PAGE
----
top of page
Search

Updated: Sep 10, 2020

The COVID-19 pandemic has left most of us quarantined to our homes. With schools closed throughout the U.S., many of us are still working our normal jobs while navigating our newly-appointed roles as home-school educators. In some cases, this may leave our little people with more time to freelance in the home. If your children are like mine, they are curious, uninhibited, tornadoes; safety is not at the forefront of their minds when they make choices. So, it is important that we create safe boundaries, as we transition our homes into schools. Its unlikely that your child's school had a stove sitting in the classroom or candles or lighters. Have you talked to your children about the hazards of these devices. Have you secured matches and lighters, so they are not readily accessible to little hands? When was the last time you tested your fire safety devices? Now is an optimum time to ensure that our homes are safe and that our kids understand the basics of fire safety. Online retailers are still delivering products, so if you need smoke alarms, carbon monoxide alarms, or fire extinguishers- order them, install them, and know how to use them. For the kids, there are numerous resources online to educate them about fire safety. The USFA has activities including downloadable Sesame Street materials for preschool age children. The NFPA has multiple lesson plans including Sparky School House. Practice your home evacuation plan with your kids and make this time a fun and safe learning experience for your family.

© 2020 FireTox, LLC

Updated: Sep 10, 2020


A recent publication by Doyle (2019) found that more than 50% of people dying in fires in the Republic of Ireland had alcohol in their blood, and approximately 64% of these individuals had a blood alcohol level of 0.160% or more. These findings are consistent with those of Ball and Bruck (2004), who determined that a person’s ability to awaken to audible alarms was significantly reduced when the subject consumed alcohol. Regardless of the type of audible tone (T-3, voice, etc.), Ball and Bruck found that 36% of subjects with a blood alcohol level of only 0.05% slept through tones less than 95 decibels (dB) or did not respond at any sound level. The percentage of subjects who slept through the alarms increased to 41% when the blood alcohol level was increased to 0.08%. The conclusion of the study was that one third of people with a blood alcohol level of 0.05% and half of people with a blood alcohol level of 0.08% will not respond to a smoke alarm at the standard code mandated sound levels (75 dB at the pillow location).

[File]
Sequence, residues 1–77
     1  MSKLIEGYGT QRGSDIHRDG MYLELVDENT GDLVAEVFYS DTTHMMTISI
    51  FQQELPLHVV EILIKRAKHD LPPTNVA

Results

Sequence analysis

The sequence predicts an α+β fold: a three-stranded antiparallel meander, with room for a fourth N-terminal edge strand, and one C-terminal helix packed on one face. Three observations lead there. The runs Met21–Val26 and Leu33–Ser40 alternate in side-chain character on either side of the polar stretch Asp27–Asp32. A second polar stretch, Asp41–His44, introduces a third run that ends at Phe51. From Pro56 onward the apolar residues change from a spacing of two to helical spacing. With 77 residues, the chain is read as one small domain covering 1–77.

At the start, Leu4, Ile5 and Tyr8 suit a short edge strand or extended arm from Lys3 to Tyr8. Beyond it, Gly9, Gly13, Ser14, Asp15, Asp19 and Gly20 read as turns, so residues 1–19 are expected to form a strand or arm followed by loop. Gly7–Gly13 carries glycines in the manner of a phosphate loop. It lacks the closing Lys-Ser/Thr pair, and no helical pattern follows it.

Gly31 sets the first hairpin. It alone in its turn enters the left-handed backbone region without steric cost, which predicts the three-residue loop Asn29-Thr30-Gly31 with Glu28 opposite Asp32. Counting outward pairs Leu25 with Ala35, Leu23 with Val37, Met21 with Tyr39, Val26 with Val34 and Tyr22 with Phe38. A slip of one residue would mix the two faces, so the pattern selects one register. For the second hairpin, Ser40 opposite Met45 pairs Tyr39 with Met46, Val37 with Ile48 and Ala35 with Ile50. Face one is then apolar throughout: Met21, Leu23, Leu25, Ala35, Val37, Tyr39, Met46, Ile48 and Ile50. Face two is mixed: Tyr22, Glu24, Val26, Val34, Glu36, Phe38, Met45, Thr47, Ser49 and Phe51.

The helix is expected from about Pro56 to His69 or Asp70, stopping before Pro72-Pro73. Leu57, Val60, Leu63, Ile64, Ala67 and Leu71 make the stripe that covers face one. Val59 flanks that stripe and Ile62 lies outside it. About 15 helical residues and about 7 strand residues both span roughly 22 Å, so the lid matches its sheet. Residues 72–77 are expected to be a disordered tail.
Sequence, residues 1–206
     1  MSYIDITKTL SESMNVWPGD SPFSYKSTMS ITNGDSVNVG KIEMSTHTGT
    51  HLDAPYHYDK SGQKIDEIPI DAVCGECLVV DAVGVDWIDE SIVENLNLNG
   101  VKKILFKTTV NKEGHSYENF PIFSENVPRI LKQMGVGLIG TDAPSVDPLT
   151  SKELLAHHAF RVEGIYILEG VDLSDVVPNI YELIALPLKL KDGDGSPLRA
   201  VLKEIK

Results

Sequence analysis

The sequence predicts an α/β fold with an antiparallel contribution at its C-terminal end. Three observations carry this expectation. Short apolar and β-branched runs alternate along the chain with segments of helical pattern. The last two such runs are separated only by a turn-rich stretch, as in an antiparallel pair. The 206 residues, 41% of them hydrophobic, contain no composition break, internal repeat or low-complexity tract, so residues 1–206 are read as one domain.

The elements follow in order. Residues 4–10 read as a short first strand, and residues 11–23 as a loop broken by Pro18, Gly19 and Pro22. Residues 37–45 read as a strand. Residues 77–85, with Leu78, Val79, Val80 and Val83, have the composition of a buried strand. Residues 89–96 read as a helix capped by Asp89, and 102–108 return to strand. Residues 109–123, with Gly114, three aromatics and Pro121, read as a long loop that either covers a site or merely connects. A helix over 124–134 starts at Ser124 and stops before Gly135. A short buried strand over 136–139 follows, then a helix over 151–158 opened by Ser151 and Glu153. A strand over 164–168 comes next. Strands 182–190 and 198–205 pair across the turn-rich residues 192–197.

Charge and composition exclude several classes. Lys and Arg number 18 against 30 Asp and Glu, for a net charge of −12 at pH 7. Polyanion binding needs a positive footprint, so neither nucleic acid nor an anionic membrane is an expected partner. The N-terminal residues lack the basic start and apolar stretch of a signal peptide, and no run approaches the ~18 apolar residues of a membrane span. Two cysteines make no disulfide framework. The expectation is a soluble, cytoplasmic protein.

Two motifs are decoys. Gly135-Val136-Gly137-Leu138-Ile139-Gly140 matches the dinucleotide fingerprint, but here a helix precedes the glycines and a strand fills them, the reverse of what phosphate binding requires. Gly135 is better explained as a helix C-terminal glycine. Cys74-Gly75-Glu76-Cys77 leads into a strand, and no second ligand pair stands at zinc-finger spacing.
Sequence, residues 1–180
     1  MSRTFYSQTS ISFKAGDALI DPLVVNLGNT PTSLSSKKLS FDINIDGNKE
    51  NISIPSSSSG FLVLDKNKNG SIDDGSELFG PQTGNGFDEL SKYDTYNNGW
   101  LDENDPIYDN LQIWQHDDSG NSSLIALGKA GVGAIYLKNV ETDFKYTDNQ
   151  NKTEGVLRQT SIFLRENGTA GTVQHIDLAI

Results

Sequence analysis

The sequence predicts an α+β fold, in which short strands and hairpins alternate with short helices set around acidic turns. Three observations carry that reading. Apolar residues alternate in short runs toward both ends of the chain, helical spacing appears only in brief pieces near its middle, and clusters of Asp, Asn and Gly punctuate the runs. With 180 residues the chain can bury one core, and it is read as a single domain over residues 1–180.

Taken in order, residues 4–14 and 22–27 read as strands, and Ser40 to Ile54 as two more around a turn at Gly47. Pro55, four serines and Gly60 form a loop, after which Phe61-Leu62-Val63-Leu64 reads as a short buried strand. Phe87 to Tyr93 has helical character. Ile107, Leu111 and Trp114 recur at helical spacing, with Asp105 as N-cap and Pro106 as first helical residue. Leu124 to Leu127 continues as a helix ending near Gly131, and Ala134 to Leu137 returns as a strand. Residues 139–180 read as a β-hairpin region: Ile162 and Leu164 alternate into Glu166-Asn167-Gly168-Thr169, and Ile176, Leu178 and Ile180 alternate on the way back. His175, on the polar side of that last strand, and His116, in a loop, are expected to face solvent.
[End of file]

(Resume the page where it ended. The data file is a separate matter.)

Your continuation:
The susceptibility of alcohol intoxicated individuals is further corroborated by Ahren's (2019) most recent report, Smoke Alarms in U.S. Home Fires, which showed that smoke alarms were present and operated in 42% of fire deaths. A smoke alarm cannot pick someone up and remove them from a fire; an individual must be capable of self-preservation. However, given that smoke alarms are the only widely-available, code-required technology designed to provide occupants with early warning of a fire in their residence, the Ahren's data suggests that the fire protection engineering community needs to consider other ways to protect susceptible populations. This issue raises interesting ethical questions when considering human behavior in fire protection engineering design: Do we view those whose susceptibility is self-induced in the same way as those whose susceptibility is inherent? Do we view susceptibility from alcohol and drug impairment in the same way as we view susceptibility from age or disability? These are complex societal questions, but perhaps the first step is education through community risk reduction programs as we work to find a solution to reduce the risk to all susceptible populations.


© 2020 FireTox, LLC



Updated: Sep 10, 2020

Ferreira and Klote published this hyperlinked article in 2011. It provides an excellent narrative on stairwell pressurization in high-rise buildings. Having investigated numerous fires where compromised stairwells led to multiple fatalities, I believe that smokeproof enclosure design is one of the most important issues that faces the fire protection engineer in both new and existing high-rise buildings. During a fire, the stairwell is the only way out, and as such, is a single point of failure (SPOF) in the life safety strategy. In new construction, this SPOF risk is reduced through the use of smokeproof enclosures in combination with layered fire protection to include early notification, fire suppression, and compartmentation. In existing building construction, this same layered approach is often not present, which can significantly increase the risk to occupants. Engineers performing due diligence assessments should consider whether the stairwell design includes a SPOF risk and identify the methods by which a building owner could mitigate these risks. After all, shouldn't occupants in existing high-rise buildings be afforded the same level of safety as those in new high-rise buildings?


© 2020 FireTox, LLC



bottom of page